The Tree Hives of the Bashkir

I was extremely lucky to join a tree hive making course organised by Free the Bees in Switzerland last week.

Hive ready for bees



Tree hive beekeeping is a 1000 year old art of keeping bees in slots cut into living pine and oak trees. Over 70,000 tree hives were recorded in a Polish 1827 census. The Polish tree hive tradition was lost in the 1930's, but in 2002 Dr Hartmut Jungius of the World Wide Fund for Nature (WWF) discovered tree beekeeping still being practised in Bashkortostan, while setting up a 22,000 hectare woodland nature reserve. There, over 700 hives can be found, of which 30% are naturally populated by swarms and managed by the Bashkir.

The top 1/3 of the hive is always left undisturbed for brood and winter stores. Honey is harvested from the bottom 2/3rds of the hive - if there is any. Typically 10-15Kg is harvested in a normal year.


With the help of the Bashkirs, Dr Jungius and WWF colleagues taught a dedicated group of Polish beekeepers who now have 50 hive trees running in Poland. The Polish masters were in Switzerland last week where we made 3 tree hives and 5 log hive versions for hanging in trees. While these may be the first ever tree hives in Switzerland, we do know that the oldest recorded log hive was found at Arbon Bleiche and dates from 3380 BC. If anybody would like to have the first tree hive in the UK - Get in touch!

Free the bees Tamga
Let Tree hives flourish
Traditionally pines that are older than 150 years are used. The trees are marked with a unique family mark called a Tamga which is cut into the bark. The very top of the tree is removed so that the tree grows wider. Ideally the pine needs to be at least 80 cm in diameter. After 70 years the third generation of Bashkir cuts the slot, about 4-5m from the ground. The family line will manage the hive for 200-300 years. The tree is not harmed, indeed it is believed that the tree is invigorated by the wound.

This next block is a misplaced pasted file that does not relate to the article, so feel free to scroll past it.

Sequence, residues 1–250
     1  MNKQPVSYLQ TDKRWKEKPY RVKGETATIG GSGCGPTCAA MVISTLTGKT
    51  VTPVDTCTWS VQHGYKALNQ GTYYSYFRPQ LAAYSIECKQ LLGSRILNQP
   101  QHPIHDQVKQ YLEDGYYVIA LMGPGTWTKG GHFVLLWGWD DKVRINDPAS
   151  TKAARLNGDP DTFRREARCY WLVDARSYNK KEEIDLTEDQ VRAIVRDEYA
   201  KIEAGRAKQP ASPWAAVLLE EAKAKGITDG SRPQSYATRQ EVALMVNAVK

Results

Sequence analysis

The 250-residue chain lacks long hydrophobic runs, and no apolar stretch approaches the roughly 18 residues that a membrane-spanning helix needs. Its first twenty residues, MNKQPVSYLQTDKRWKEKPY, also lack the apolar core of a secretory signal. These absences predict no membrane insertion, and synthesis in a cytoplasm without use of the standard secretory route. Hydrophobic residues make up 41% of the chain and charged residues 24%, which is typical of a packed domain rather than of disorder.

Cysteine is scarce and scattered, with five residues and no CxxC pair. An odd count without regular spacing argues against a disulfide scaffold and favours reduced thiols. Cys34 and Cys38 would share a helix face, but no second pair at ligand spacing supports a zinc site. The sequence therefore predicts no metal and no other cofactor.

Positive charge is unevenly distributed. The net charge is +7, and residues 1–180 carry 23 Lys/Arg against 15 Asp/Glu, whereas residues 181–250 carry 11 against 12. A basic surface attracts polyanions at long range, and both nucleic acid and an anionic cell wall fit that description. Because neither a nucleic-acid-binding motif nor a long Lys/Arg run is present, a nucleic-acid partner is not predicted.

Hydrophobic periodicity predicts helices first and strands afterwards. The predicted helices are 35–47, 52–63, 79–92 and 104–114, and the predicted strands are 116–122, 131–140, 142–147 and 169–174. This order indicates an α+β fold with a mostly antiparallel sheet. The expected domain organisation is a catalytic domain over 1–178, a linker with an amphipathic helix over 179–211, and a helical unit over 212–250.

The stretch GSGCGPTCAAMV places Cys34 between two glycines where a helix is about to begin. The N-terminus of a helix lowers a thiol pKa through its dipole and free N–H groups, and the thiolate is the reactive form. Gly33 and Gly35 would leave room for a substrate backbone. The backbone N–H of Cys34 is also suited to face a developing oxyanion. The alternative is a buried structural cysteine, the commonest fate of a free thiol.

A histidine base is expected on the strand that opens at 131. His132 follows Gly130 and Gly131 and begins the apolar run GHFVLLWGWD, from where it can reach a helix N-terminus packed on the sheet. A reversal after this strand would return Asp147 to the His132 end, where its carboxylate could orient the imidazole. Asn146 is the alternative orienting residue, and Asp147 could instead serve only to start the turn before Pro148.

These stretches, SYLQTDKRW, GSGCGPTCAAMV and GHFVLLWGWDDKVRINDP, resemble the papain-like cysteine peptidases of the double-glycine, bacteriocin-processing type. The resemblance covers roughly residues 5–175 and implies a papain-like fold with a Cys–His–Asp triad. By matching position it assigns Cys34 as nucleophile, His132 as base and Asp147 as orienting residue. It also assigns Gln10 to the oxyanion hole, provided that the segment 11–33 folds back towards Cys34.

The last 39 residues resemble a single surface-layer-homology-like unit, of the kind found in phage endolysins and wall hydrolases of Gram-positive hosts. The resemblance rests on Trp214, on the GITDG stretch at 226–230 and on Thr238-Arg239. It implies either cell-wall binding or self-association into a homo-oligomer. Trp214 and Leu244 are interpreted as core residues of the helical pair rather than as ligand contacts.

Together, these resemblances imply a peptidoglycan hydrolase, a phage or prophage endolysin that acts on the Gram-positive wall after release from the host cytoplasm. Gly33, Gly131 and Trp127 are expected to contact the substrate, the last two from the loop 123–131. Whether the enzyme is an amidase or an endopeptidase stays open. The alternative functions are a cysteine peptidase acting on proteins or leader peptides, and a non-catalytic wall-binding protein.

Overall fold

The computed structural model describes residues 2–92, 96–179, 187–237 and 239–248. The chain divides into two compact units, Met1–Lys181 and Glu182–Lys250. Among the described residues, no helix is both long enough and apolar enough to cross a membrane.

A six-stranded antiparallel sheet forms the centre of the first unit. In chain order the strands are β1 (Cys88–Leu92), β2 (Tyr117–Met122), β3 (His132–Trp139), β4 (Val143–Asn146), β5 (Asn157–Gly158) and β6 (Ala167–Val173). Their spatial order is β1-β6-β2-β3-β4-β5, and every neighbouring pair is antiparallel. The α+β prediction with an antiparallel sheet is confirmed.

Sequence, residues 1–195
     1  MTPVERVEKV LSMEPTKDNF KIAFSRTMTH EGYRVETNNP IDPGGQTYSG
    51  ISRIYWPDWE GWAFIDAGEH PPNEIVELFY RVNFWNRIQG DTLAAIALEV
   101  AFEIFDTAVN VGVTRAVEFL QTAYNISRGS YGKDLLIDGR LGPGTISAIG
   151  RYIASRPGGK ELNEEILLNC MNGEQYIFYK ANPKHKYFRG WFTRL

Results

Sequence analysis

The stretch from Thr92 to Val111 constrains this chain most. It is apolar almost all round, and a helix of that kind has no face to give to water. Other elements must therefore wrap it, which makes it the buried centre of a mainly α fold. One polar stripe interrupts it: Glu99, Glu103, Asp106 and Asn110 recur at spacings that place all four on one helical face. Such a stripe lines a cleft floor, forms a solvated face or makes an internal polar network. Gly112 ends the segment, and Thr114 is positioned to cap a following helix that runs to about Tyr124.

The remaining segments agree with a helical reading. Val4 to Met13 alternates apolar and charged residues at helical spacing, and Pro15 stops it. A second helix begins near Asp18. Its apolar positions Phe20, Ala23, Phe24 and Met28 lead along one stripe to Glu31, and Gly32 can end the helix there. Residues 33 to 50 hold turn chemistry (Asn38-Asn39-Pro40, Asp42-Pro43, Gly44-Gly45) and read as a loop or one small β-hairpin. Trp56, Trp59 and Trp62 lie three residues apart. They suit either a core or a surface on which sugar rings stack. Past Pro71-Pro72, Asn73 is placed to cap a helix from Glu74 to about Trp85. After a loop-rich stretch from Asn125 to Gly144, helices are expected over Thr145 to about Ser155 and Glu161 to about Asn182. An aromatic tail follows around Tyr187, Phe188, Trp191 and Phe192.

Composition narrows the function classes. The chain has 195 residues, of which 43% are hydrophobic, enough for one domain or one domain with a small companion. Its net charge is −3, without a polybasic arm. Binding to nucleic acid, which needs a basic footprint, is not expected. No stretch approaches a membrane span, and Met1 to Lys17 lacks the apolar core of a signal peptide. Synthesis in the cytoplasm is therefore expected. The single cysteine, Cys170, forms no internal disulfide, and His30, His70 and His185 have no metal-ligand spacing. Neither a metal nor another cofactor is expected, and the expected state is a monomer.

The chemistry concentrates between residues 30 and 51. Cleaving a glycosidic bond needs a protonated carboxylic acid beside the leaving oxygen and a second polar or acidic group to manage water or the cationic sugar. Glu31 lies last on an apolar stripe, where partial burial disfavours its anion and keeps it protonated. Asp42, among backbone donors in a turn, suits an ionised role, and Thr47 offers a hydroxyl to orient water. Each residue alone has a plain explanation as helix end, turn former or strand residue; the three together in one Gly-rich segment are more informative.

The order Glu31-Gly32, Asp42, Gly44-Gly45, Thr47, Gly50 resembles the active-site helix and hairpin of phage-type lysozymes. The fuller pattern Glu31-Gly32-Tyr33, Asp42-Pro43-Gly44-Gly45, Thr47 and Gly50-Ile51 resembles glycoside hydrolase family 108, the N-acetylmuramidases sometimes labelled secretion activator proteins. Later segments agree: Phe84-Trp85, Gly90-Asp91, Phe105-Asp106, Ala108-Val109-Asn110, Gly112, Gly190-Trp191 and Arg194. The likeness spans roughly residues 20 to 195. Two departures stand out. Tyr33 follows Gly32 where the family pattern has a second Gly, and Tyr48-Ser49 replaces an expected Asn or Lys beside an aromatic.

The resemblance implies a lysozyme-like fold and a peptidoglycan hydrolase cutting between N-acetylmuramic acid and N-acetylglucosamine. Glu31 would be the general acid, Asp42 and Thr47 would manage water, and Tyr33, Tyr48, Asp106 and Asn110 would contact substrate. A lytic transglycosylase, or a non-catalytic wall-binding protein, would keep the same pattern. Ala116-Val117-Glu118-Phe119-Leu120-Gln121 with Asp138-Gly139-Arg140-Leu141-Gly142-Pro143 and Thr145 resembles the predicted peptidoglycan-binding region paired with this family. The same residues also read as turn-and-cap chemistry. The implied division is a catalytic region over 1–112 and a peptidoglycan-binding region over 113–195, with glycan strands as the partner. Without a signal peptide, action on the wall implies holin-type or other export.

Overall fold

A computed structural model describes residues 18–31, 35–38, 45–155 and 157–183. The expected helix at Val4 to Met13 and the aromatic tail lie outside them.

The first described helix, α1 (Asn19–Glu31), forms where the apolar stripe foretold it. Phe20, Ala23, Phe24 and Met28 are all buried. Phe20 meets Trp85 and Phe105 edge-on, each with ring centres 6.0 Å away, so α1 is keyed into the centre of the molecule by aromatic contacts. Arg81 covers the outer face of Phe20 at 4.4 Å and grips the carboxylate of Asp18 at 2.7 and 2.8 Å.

Inside a new hive
The Bashkir tree bees system is perfect for bees. The hives naturally populate at a density of 3 hives per 1km, thus reducing the problem of disease spread and matching the forage level to the bee density. Bees are creatures of the air and not the cold damp ground. They are protected from predators like bears and more importantly humans! The hive brood nest is never disturbed and the medicinal hive atmosphere is always retained. The thick walls of the trees keep the bees warm. Compare all this to the thin walls of the densely packed apiaries, where infected combs and frames are moved between hives. Intrusive inspection continually batters the fragile biosphere of the hive robbed of honey and fed with sugar. A Bashkir hive builds hidden bonds and connections between the environment and other colonies. Fortunately for these bees there is no trucking 1000's of km from one mono culture crop to another.

Tomasz demonstrates traditional
climbing skills
After 1000 years the Bashkir have developed a perfect relationship with the bees and the bees have rewarded their guardians. Contrast this to 100 years of modern beekeeping which has presided over the worst period of bee health in 23 million years.

I will be sharing some of my experiences at this event, on April 19th 2014 in Somerset UK. We will have a 1 hour presentation followed by a hands on log hive making session (Bashkir style!) for those that need more than just talk. Other events are planned in the near future, please contact me if you want those details.





More information can be found in the following links:

The Tree Beekeeping Field Guide - Ebook by Author of this Article

Swiss TV report on the tree hives (Mostly in Bavarian - skip 50 seconds for pictures)

http://www.thehoneygatherers.com/html/photolibrary16.html

www.bartnictwo.org (By Tomasz Dzier┼╝anowski - In Polish)

2 comments :

Anonymous said...

Hi, would love to have instruction on construction of these hives, both the tree hive and log hive. Could you please direct me? Cy

Jonathan said...

Please use the contact form on my about page to send me your details. Hopefully we will be able to sort something out. Jonathan

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